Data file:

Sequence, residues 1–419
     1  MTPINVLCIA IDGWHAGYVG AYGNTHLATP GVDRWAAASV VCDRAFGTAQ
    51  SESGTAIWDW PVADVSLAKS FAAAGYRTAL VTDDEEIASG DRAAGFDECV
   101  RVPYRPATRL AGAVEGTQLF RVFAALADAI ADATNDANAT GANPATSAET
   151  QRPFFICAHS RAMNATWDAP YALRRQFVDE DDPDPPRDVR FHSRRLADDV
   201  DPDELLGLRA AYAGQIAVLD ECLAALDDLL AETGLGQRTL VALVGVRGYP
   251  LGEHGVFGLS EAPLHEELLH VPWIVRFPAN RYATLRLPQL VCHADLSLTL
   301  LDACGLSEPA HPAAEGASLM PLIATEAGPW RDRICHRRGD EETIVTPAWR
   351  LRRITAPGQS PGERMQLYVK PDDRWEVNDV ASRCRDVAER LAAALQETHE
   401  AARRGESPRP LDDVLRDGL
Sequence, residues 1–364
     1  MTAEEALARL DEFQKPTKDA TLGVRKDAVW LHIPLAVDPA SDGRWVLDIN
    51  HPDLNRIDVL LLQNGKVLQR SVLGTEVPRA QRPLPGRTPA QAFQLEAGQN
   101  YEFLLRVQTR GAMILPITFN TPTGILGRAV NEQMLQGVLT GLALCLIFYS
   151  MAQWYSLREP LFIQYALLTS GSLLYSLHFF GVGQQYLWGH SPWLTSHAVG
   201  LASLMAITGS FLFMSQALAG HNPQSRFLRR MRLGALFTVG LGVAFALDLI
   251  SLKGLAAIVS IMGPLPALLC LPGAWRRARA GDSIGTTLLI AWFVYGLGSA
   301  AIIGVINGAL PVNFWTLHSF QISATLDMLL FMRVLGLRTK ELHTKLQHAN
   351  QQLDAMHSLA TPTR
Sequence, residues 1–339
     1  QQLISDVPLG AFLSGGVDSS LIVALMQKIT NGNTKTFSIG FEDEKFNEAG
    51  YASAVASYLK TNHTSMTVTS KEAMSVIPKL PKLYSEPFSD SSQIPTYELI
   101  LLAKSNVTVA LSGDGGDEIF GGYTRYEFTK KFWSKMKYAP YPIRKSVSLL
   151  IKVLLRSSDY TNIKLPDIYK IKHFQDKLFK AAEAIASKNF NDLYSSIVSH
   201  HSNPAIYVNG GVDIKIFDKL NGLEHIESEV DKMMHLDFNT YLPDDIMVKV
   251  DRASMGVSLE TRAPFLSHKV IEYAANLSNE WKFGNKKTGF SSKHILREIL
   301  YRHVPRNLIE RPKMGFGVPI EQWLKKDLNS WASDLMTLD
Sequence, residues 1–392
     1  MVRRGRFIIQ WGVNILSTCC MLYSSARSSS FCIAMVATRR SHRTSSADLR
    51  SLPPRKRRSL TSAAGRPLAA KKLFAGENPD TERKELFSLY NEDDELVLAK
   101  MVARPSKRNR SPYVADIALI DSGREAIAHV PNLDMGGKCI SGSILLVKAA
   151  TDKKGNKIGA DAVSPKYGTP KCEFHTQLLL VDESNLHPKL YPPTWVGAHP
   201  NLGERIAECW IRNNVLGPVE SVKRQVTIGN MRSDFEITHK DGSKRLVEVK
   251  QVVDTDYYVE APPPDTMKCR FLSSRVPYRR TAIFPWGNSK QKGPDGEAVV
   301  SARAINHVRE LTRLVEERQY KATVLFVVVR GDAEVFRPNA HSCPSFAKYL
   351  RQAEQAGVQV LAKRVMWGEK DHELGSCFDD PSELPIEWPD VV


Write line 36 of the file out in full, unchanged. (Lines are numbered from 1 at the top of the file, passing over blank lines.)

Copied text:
   351  RQAEQAGVQV LAKRVMWGEK DHELGSCFDD PSELPIEWPD VV